As I am friends with Lucio, our interview will be more akin to a very casual conversation in which I try to keep up with his mind. He is truly fascinating and his levels of knowledge are dizzying. Though Lucio can be construed as a “vessel of answers” (Postmodern Interviewing, p. 70), I am close enough to know him that I can employ Jack Douglas’ concept of mutual disclosure (Postmodern Interviewing, p. 72) to create a dynamic exchange of ideas and information.

I intend to discuss:

1. Lucio’s course on Life and Death, focusing primarily on the concept of immortality

2. Proust’s ideas on art conquering time and saving the lost

3. His opinion on art and expression, on the aesthetics of existence

4. His own tattoos and how they play into the concept above.

Third Eye Open to the Tattoo Nation

In Indian tradition, the third eye, or gyananakashu, represents the center of knowledge. It signifies wisdom, or enlightenment.

As a researcher, it is that moment when your efforts work independently of your actions. It’s like shaking the snow globe and then standing at its center as flakes of information fall upon your shoulders. It’s all you can do to collect the snow piling up around you and appreciate the beauty of the process.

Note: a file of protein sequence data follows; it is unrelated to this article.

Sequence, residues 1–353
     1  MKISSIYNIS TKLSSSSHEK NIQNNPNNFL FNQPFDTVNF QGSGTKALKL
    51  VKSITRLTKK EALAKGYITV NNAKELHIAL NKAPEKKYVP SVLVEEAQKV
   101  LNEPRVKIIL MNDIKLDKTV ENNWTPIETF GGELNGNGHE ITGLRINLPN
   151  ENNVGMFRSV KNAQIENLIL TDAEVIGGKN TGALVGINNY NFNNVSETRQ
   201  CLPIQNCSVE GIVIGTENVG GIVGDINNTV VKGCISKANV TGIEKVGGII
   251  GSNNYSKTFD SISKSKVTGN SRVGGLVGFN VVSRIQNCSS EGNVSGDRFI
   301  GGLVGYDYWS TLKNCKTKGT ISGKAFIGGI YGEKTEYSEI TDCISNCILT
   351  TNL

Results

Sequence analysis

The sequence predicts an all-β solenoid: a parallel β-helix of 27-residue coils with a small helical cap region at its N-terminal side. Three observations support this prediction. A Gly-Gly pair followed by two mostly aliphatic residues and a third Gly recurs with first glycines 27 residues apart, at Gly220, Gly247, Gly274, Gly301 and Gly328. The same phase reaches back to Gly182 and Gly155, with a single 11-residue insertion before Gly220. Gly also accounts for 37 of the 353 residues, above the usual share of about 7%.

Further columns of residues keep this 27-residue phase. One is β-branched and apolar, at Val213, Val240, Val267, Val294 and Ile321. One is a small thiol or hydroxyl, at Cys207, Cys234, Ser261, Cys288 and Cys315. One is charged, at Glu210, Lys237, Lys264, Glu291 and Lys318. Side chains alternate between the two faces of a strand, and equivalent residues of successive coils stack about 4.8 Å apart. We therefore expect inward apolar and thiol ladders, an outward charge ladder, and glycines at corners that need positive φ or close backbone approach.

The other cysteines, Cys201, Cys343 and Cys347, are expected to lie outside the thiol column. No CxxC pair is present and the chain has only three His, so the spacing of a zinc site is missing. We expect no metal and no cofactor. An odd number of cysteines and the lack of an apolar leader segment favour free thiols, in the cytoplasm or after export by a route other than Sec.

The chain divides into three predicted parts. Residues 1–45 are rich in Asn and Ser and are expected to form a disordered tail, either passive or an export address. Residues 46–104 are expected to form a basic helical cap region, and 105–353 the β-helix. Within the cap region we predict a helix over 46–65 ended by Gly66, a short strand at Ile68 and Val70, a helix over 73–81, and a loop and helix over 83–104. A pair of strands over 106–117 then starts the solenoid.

I have been overwhelmed with the amount of cooperation, enthusiasm, passion and commitment that I have found in my research so far. The people I have interviewed have provided me with more information than I could have hoped to acquire and yet, stand ready to offer more should I need it. The purpose of this blog is to not only thank them, but to illustrate the point that those involved in the tattoo industry are proud, dedicated and supportive of their art. This is no loosely associated fraternity of like-minded individuals.